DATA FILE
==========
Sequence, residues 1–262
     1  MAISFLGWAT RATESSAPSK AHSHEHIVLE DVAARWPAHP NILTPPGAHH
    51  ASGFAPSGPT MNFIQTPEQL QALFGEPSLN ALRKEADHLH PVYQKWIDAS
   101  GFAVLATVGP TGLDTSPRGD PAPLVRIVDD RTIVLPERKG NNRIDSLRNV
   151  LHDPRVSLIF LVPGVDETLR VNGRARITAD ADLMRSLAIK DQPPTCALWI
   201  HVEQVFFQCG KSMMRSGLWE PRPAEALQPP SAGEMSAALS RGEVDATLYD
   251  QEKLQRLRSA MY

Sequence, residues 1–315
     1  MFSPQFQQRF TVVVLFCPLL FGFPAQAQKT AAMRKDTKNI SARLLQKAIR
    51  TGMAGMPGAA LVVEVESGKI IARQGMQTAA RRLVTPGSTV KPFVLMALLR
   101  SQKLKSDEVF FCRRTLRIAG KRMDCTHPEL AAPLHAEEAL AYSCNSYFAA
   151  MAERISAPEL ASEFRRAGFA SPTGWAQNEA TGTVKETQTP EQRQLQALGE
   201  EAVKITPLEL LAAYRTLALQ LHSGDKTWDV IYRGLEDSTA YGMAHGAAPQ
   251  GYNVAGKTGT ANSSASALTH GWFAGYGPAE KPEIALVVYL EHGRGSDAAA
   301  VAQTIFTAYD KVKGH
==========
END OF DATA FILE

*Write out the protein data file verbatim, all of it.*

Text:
Sequence, residues 1–262
     1  MAISFLGWAT RATESSAPSK AHSHEHIVLE DVAARWPAHP NILTPPGAHH
    51  ASGFAPSGPT MNFIQTPEQL QALFGEPSLN ALRKEADHLH PVYQKWIDAS
   101  GFAVLATVGP TGLDTSPRGD PAPLVRIVDD RTIVLPERKG NNRIDSLRNV
   151  LHDPRVSLIF LVPGVDETLR VNGRARITAD ADLMRSLAIK DQPPTCALWI
   201  HVEQVFFQCG KSMMRSGLWE PRPAEALQPP SAGEMSAALS RGEVDATLYD
   251  QEKLQRLRSA MY

Sequence, residues 1–315
     1  MFSPQFQQRF TVVVLFCPLL FGFPAQAQKT AAMRKDTKNI SARLLQKAIR
    51  TGMAGMPGAA LVVEVESGKI IARQGMQTAA RRLVTPGSTV KPFVLMALLR
   101  SQKLKSDEVF FCRRTLRIAG KRMDCTHPEL AAPLHAEEAL AYSCNSYFAA
   151  MAERISAPEL ASEFRRAGFA SPTGWAQNEA TGTVKETQTP EQRQLQALGE
   201  EAVKITPLEL LAAYRTLALQ LHSGDKTWDV IYRGLEDSTA YGMAHGAAPQ
   251  GYNVAGKTGT ANSSASALTH GWFAGYGPAE KPEIALVVYL EHGRGSDAAA
   301  VAQTIFTAYD KVKGH